I like both versions. Edmunds’ harmony on this song reminds me of The Everly Brothers. It’s also got some great TWANGY guitar on it, too. Appropriately enough, it was released on his 1981 album entitled “Twangin…” If you’re into covers, it’s worth a listen. (Edmunds has done some interesting stuff. He covered Smiley Lewis’ “I Hear You Knocking”, produced The Stray Cats first album, and even recorded a version of “The Sabre Dance.” )

Getting back to “Almost Saturday Night”, there are other versions out there (Ricky Nelson, The Searchers, and The Georgia Satellites), but these two roots rockers have are my personal favorites.

Till next time, keep your Mojo on the Horizon!

Dahl’s Dynamic Duo: Rounders

It isn’t exactly a Batman & Robin situation, but Ed Norton & Matt Damon are absolutely a dynamic duo in the 1998 film “Rounders.” This is a film I absolutely loved the first time I saw it and I still think it’s fantastic. However, Rounders is more than just an intense drama. It’s a story about friendship, loyalty, and following your gut. The ironic part is poker playing provides the backdrop for this film and I know virtually nothing about it. John Dahl directed this film. If I had to pick the best reason to see this film, it’s the cast — and I don’t mean just Norton and Damon. Supporting roles are played by the likes of John Turturro, Gretchen Mol, John Malkovich, and Famke Janssen. For my money, Martin Landau gives an amazing performance as a law professor/mentor in this one.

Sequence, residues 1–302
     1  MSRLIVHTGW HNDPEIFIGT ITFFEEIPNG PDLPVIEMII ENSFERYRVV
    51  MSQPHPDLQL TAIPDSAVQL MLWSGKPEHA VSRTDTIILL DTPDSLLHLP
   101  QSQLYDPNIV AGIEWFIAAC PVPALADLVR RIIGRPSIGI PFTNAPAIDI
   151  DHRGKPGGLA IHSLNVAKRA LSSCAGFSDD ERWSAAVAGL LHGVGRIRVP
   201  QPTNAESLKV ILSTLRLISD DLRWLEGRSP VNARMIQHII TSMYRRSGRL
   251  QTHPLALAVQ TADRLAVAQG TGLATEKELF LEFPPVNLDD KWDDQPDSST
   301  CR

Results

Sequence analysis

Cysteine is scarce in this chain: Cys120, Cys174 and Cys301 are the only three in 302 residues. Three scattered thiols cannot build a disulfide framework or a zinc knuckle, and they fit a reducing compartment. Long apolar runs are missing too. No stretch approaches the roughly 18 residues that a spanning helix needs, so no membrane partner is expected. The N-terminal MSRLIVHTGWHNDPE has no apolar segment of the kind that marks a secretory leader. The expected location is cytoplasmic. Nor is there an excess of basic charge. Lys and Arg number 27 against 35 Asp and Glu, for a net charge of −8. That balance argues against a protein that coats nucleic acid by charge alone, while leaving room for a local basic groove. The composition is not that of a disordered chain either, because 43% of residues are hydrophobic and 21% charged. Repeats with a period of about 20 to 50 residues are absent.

“Rounders” follows protagonist Mike McDermott (Damon) as he tries to balance life with his girlfriend (Mol) with attending law school, and his passion for playing poker. Things definitely get out of balance when is old friend and gambling partner Lester “Worm” Murphy (Norton) is released from prison. Viewers can tell from the get-go that Worm is a bit of a loudmouth and also has a penchant for playing cards….let’s just say “less than straight up.” However, the two guys have a history together. Despite his flaws, in my opinion, Worm is like that likable friend of yours who has a tendency to lead you astray. The real question for Damon’s character is “How far does your loyalty go?”

“Rounders” takes you into a world of smoky underground card games and the various characters who play in them. Villains in the film include Russian mobster “Teddy KGB” (Malkovich) and his thuggish muscle guy named “Grama.” (I’ve never really heard the origin of that nickname.) There is plenty of poker lingo in it, but you can get their meanings through context. (Some DVD versions include a poker lingo glossary in the special features.) The film really does give you a glimpse into another world. The vibe to me is very “East Coast.” It’s edgy.